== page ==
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    Are You An Extremist If You Care About Your Fitness? This American News Outlet May Think So

    An MSNBC article is receiving backlash from the general public.

    According to many on Twitter, MSNBC has lost its mind. They published an article on Twitter, with the words “The far right’s obsession with fitness is going digital

    And the article title is “Pandemic fitness trends have gone extreme — literally”

    Now, if you think that’s bad. Here’s the image that sparked criticisms against MSNBC.

    MSNBC’s opinion piece spoke against fitness trends with an image of Nazis doing their infamous salute.

    What it’s actually about

    The article sheds light on extremist groups in America using fitness and mixed martial arts to lure new recruits into their ideology. Especially youths.

    “Physical fitness has always been central to the far right. In “Mein Kampf,” Hitler fixated on boxing and jujitsu, believing they could help him create an army of millions whose aggressive spirit and impeccably trained bodies, combined with “fanatical love of the fatherland,” would do more for the German nation than any “mediocre” tactical weapons training.” – Cynthia Miller-Idriss, MSNBC Columnist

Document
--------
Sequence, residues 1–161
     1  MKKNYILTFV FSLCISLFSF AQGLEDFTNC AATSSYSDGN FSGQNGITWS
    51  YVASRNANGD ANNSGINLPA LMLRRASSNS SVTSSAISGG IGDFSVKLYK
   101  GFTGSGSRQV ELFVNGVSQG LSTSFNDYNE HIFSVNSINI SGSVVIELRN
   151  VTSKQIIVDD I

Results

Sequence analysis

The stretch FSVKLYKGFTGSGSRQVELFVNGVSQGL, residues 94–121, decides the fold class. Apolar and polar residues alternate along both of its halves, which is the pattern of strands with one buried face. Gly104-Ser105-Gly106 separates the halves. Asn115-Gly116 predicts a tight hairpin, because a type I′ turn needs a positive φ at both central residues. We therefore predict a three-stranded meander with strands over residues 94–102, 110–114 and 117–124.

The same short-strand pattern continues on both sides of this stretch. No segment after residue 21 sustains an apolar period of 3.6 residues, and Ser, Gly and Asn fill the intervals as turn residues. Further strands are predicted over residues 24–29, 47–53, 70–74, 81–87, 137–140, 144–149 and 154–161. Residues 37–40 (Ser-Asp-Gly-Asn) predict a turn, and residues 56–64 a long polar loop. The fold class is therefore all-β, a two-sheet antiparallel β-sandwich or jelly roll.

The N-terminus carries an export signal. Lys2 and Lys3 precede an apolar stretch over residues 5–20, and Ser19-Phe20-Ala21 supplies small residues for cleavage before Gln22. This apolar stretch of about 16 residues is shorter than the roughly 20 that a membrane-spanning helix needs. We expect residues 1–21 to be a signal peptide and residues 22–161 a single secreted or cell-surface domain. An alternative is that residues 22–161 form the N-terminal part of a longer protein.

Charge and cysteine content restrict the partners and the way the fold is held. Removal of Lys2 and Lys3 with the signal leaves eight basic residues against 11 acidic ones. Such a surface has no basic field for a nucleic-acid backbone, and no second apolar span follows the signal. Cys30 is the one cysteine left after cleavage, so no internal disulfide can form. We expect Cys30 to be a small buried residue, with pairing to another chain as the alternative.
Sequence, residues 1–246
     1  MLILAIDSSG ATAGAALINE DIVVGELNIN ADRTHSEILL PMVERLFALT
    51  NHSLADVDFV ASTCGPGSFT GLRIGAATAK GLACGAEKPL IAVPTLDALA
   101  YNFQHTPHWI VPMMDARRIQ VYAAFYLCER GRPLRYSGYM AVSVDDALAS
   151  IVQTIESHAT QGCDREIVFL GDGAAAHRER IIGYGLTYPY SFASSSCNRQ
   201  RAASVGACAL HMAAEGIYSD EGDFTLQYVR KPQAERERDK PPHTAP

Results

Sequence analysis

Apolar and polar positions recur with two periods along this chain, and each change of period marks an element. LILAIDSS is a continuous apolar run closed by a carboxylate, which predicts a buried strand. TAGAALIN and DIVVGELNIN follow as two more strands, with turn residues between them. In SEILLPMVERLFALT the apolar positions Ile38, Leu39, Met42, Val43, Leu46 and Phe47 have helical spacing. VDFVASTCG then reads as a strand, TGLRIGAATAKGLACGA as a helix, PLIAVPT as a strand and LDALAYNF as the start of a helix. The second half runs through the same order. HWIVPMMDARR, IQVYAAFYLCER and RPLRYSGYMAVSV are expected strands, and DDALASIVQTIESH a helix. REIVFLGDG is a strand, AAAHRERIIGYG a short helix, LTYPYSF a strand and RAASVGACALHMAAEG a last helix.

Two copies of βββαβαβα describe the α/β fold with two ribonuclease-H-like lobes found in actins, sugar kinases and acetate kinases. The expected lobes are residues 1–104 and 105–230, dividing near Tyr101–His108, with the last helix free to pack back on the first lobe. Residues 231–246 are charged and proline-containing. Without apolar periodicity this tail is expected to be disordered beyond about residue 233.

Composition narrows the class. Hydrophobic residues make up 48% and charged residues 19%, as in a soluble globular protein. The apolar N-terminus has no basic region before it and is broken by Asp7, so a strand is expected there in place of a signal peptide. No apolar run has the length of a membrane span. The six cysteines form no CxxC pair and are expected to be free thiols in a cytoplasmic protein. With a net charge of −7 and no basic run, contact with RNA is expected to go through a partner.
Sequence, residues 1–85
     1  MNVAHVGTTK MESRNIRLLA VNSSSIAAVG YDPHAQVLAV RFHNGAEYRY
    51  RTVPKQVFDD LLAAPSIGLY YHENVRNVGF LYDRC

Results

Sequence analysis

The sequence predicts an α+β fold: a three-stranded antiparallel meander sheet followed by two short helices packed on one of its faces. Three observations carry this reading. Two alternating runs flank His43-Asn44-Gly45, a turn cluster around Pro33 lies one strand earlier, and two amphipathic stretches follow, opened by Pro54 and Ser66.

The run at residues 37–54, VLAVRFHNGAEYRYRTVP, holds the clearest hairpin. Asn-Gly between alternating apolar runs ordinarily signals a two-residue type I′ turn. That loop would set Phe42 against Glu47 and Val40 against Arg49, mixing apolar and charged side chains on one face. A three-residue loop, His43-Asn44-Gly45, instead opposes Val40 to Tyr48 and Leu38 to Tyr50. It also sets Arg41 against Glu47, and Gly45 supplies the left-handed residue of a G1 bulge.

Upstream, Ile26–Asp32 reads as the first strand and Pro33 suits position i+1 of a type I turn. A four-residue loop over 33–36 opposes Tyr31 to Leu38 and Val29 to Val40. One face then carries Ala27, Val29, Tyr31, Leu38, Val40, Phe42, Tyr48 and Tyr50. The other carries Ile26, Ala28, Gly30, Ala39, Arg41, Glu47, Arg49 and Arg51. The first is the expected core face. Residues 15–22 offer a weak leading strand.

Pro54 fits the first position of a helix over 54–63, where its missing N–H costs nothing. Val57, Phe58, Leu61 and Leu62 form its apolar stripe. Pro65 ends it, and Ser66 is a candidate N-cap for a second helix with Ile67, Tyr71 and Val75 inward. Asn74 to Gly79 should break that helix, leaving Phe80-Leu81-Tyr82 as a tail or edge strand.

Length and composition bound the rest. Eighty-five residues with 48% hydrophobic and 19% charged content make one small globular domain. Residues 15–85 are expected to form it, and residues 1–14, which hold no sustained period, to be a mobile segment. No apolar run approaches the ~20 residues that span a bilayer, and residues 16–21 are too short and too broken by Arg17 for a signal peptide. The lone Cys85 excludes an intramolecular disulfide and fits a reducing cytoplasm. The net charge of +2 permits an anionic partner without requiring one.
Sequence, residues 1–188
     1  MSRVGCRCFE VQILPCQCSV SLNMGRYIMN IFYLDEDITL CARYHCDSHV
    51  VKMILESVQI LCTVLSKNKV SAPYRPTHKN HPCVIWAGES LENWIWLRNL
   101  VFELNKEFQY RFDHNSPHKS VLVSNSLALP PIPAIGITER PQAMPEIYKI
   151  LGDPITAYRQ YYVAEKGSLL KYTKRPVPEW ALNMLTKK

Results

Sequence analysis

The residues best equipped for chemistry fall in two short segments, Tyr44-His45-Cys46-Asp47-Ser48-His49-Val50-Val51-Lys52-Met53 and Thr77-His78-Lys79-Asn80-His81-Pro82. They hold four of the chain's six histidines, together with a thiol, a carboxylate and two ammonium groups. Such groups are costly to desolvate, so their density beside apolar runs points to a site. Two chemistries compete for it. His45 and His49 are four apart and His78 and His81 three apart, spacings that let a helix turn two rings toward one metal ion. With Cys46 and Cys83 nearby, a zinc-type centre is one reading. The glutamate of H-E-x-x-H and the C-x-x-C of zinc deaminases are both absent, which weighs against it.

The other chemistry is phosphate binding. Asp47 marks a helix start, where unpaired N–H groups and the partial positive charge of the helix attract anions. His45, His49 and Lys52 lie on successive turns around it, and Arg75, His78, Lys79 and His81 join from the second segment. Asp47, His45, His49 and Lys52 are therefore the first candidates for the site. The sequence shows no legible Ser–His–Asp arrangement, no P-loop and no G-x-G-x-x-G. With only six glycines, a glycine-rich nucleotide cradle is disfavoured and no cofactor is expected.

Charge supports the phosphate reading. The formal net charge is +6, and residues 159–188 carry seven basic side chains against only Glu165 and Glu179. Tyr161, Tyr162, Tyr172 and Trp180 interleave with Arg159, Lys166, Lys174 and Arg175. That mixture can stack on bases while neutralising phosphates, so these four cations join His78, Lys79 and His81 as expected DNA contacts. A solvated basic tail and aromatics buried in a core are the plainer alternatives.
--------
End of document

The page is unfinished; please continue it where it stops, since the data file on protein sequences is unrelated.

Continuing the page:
She makes the claim that extremist recruitment is moving to chat groups, gyms, online communities, live-streaming fights, and video games. Mixing “extremist fighting culture” with entertainment.

    Why the outrage?

    Fitness and masculinity is a growing trend. Especially for male youths. The online fitness industry alone, grew by 77.33% and is the fastest-growing market in the US. [22 FULFILLING FITNESS INDUSTRY STATISTICS [2023]: HOME WORKOUT AND GYM STATISTICS,]

    Figures like Jordan Peterson, Andrew Tate, Alex Hormozi, Joe Rogan, and positive gym bros on TikTok have become role models for a lot of male youths. Teaching them how to overcome the stress they face in life and to focus on becoming capable.

    And the stress most male youth face in life is near fatal. In the US alone, men were almost 4 times more likely to die by suicide than women. []

    So, spending time at the gym and becoming part of a fitness community has saved many men from suicide. It has improved their lives emotionally, mentally, financially, and of course physically.

    Male youths now have a healthy outlet to express themselves and recover from declining mental health. Especially those who don’t have the luxury to seek therapy or medical aid.

    So it’s reasonable that an article titled “Far-right’s obsession with fitness is going digital”, would receive backlash from the general public. Because the majority who are obsessed with fitness do not identify as extremists, or far-right.

    Wouldn’t it be much clearer to say ‘Far-right groups are using fitness trends to recruit young men’?

    The backlash

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    Some food for thought.

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